'Pachinko' Is A Family Saga Of Exile, Discrimination ... And Japanese Pinball The multibillion-dollar pinball industry is dominated by Korean Japanese, an immigrant community that has been ill-treated for generations. Author Min Jin Lee explores that history in a new novel.
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'Pachinko' Is A Family Saga Of Exile, Discrimination ... And Japanese Pinball

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'Pachinko' Is A Family Saga Of Exile, Discrimination ... And Japanese Pinball

'Pachinko' Is A Family Saga Of Exile, Discrimination ... And Japanese Pinball

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If you've ever been to Japan, you've probably seen these crazy-looking video game centers all over. They've got lots of fluorescent flashing lights, and it's where businessmen often unwind after work. The game is called pachinko, and it's a multibillion-dollar business in Japan, a business dominated by Koreans.

Min Jin Lee has written a new novel called "Pachinko." And in it, she explores the history of that community and one family's struggle to fit into a society that treats them with contempt. Here's NPR's Lynn Neary.

LYNN NEARY, BYLINE: Min Jin Lee got the idea for her second novel when she was still a college student. The year was 1989. She went to a lecture by an American missionary who had been working with the Korean-Japanese in Japan. He told a story about a 13-year-old boy who committed suicide. After his death, the boy's parents found his school yearbook.

MIN JIN LEE: And in this yearbook, several of his classmates had written things like, go back to your country. And they had written the words, die, die, die. And the parents were born in Japan. The boy was born in Japan. And I think that story just really could not be more fixed into my brain.

NEARY: Lee, a Korean-American, was determined to tell the history of Koreans in Japan. She lived there for a while and interviewed many Korean-Japanese to get a sense of what life was like for them. She decided to tell their history through a multigenerational family story.

LEE: I was very interested in history, but I also thought, you know, history's not that interesting sometimes. And it can feel a bit medicinal. And I wanted it to be really fun, and I wanted it to be really exciting. And I also wanted to give these people kind of flesh and blood in the same way the people that I know have contradictions and betrayals and deaths and marriages and the kind of texture of life.

NEARY: The story begins in the early 20th century, when Korea is already under Japanese rule. A young girl named Sunja is growing up in a small fishing village on a tiny Korean island. She falls in love with a good-looking older man from the mainland. When she becomes pregnant, he tells her he is already married. Sunja is saved from disgrace by a Christian minister staying at her family's boarding house who offers to marry her and takes her to Japan.

LEE: She's a child. She's 16. And when she goes to Japan, she has simply no idea what's going to wait for her. And to be frank, most Koreans really didn't know that the history would turn out this way.

NEARY: The impoverished Koreans who left their occupied homeland didn't find life much easier in Japan. Sunja has two sons, and her husband takes care of both of them. But when he's arrested for preaching Christianity, her life becomes even more difficult. She and her children survive World War II, but then the Korean War breaks out.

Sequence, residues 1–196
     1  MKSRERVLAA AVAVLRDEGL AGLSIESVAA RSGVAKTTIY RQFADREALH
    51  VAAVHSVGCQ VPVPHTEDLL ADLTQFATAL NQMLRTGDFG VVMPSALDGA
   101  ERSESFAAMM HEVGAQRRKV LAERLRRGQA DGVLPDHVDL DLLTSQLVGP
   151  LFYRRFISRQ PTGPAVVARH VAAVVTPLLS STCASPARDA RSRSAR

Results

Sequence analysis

UNIDENTIFIED REPORTER: A highly trained and well-equipped North Korean army swarmed across the 38th parallel to attack unprepared South Korean defenders. Caught off guard, they were all but overwhelmed.

NEARY: With the war and the partition of Korea, it becomes almost impossible for Sunja to return to her homeland. Twenty years later, she still yearns for what she has lost.

LEE: (Reading) Even the memory of the moon and stars in Korea seemed different than the cold moon here. No matter how much people complained about how bad things were back home, it was difficult for Sunja to imagine anything but the bright, sturdy house that her father had taken care of so well by the green, glassy sea, the bountiful garden that had given them watermelons, lettuces and squash and the open-air market that never ran out of anything delicious. When she was there, she had not loved it enough.

NEARY: After the war, pachinko parlors start popping up all over in Japan. Both of Sunja's sons find work in the noisy pinball dens, which are often run by Korean-Japanese.

LEE: And the reason why the Korean-Japanese are involved in this business is because they could not find legal employment for - I don't know - seven or eight decades. And even now, they have great difficulty finding jobs in certain sectors. So in pachinko, they were able to find a kind of employment haven.

NEARY: Employment and in many cases, financial success, but not necessarily respect. Despite its popularity, the Japanese looked down on pachinko parlors as gambling dens with connections to the criminals known as the Yakuza. Even so, one of Sunja's sons thrives in the business. But her firstborn never comes to terms with the circumstances of his life.

LEE: I think that my character Noa really is symbolic, and he is an emblem of so many people that I met who wanted very desperately to just belong. And they would do everything they possibly could within legal channels to be considered a respectable human being.

NEARY: As a naturalized American who feels she belongs in this country, Lee says it's hard for her to understand that generations of Koreans have never been fully accepted in Japan. But many of the Japanese-Koreans she interviewed dismissed her concerns. They have adapted to living in Japan, even if their presence there is still not fully embraced.

Lynn Neary, NPR News, Washington.


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